Then he said, without turning his head away from the hissing pan, "I
wish you'd do me a favour, Price."

"Certainly," I said.

"Look in the cupboard and see whether there are any knives, forks,
plates, and a loaf and a bit of butter, will you?"

I looked, and, sure enough, they were there.

"Yes, they're all here," I called to him.

"And is there a tray?"

"Yes, there's a tray."

"Now, it's a funny thing that my laundress," he shouted back, "can't
bring in breakfast things for more than one on that particular tray.
She's always complaining it's too small, and says I ought to buy a
bigger one."

"Nonsense," I exclaimed, "she's quite wrong about that. You watch what
I can carry in one load." And I packed the tray with everything he had

"What price that?" I said, putting the whole boiling on the
sitting-room table.

The Reverend began to roar with laughter. "It's ridiculous," he
chuckled. "I shall tell her it's ridiculous. She ought to be ashamed of

Shortly after we had supper, previously having aroused Blake.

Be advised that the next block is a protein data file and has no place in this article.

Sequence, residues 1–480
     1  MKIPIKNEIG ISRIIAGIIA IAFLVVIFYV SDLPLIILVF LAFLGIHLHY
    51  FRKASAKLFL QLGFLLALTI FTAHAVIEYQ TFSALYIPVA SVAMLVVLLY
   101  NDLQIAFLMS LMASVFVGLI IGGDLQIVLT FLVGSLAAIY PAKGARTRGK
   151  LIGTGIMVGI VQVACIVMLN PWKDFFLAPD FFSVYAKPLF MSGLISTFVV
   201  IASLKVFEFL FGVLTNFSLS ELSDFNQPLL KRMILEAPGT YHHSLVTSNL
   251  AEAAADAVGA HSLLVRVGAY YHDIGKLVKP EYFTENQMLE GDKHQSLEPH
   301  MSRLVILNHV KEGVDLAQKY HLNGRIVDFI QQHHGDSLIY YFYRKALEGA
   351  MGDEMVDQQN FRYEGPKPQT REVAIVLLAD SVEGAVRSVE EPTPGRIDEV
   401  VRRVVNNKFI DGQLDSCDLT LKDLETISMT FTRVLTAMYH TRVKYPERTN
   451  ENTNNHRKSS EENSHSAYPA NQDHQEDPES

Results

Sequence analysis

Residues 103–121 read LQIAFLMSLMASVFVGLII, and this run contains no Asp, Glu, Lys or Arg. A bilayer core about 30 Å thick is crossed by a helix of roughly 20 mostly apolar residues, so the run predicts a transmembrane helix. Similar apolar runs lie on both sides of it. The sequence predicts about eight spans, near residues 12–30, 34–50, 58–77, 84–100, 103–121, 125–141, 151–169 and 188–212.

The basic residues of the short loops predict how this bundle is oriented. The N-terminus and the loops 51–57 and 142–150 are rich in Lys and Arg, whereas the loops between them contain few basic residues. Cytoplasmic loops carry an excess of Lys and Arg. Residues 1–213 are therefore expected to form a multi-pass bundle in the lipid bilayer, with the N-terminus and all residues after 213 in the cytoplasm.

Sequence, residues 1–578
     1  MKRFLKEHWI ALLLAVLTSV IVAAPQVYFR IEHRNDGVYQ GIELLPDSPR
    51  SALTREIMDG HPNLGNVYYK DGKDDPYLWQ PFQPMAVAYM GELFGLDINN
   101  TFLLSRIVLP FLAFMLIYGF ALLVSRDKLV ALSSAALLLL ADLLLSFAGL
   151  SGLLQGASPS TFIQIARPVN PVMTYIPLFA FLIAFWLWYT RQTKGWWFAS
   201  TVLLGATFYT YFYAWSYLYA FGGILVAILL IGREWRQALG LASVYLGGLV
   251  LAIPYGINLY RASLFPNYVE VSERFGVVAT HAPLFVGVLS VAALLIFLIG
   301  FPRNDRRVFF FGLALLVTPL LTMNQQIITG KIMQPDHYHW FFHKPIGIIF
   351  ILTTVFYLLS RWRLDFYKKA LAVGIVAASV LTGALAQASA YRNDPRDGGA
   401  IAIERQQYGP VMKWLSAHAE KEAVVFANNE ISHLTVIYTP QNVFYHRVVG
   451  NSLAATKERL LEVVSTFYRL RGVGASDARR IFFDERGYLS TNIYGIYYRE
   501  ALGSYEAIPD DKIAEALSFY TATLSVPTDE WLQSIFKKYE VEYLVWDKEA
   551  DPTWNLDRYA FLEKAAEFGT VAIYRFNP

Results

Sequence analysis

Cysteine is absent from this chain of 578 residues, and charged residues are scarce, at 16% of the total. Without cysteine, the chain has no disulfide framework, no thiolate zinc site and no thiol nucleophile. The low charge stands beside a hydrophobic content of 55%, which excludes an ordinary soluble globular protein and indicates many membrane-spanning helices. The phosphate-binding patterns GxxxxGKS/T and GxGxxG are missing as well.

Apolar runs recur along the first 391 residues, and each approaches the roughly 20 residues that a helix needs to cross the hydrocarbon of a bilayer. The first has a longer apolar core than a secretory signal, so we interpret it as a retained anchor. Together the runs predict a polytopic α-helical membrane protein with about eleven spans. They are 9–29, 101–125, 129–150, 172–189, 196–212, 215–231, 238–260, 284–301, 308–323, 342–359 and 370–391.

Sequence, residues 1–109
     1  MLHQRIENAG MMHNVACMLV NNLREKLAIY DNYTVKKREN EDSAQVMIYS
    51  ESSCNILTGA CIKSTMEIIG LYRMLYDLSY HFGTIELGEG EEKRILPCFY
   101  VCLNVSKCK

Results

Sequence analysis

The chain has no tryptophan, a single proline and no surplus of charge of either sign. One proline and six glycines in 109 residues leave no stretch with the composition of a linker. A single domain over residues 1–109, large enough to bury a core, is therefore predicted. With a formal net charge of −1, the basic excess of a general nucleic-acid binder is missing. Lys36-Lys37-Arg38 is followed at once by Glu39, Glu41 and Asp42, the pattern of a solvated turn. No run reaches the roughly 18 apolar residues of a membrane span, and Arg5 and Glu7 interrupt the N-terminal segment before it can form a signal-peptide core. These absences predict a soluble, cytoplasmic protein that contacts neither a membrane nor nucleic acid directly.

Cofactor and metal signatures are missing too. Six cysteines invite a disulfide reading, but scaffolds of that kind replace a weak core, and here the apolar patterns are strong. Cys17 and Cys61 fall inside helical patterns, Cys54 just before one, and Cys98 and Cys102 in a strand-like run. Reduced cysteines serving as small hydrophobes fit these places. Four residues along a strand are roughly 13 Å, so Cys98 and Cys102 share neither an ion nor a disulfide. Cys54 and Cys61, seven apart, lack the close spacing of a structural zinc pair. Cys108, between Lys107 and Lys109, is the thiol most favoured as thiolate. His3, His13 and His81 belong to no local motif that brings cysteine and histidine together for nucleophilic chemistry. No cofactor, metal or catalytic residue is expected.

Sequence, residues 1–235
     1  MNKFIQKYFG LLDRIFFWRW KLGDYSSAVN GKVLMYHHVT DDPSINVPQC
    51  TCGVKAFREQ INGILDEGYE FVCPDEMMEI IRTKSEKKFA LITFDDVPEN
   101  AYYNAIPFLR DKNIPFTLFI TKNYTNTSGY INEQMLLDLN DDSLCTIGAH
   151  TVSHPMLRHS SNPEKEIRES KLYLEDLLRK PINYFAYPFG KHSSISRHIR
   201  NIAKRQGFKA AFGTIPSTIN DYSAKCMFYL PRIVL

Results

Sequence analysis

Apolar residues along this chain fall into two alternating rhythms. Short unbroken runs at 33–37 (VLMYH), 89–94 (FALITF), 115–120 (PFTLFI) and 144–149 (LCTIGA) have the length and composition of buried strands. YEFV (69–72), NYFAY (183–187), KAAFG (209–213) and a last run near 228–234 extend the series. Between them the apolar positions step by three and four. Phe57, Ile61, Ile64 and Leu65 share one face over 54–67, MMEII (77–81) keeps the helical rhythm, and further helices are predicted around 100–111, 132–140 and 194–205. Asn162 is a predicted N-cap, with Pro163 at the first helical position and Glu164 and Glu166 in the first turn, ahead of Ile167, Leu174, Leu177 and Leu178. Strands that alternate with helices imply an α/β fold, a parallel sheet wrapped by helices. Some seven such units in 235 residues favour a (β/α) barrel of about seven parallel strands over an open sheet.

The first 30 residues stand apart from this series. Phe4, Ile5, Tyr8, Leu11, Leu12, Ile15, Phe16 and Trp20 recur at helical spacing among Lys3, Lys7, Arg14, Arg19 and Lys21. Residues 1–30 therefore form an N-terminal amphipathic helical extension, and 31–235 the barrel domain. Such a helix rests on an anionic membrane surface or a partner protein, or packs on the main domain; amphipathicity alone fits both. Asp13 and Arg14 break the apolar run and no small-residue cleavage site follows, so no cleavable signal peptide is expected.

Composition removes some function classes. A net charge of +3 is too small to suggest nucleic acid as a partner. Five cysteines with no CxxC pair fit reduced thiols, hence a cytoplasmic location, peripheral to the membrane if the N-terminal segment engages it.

The drunken fellow seemed completely restored by his repose. He ate
more than his share of the eggs and bacon, and drank five cups of tea.
Then he stretched himself, lit a clay pipe, and offered us his tobacco
box, from which the Reverend filled his briar. I remained true to my
packet of "Queen of the Harem." I shall think twice before chucking up
cig. smoking as long as "Queen of the Harem" don't go above
tuppence-half-penny per ten.

We were sitting there smoking in front of the fire--it was a shade
parky for the time of year--and not talking a great deal, when the
Reverend said to Blake, "Things are looking up on the canal, aren't
they, Tom?"

"No," said Blake; "things ain't lookin' up on the canal."

"Got a little house property," said the Reverend, "to spend when you
feel like it?"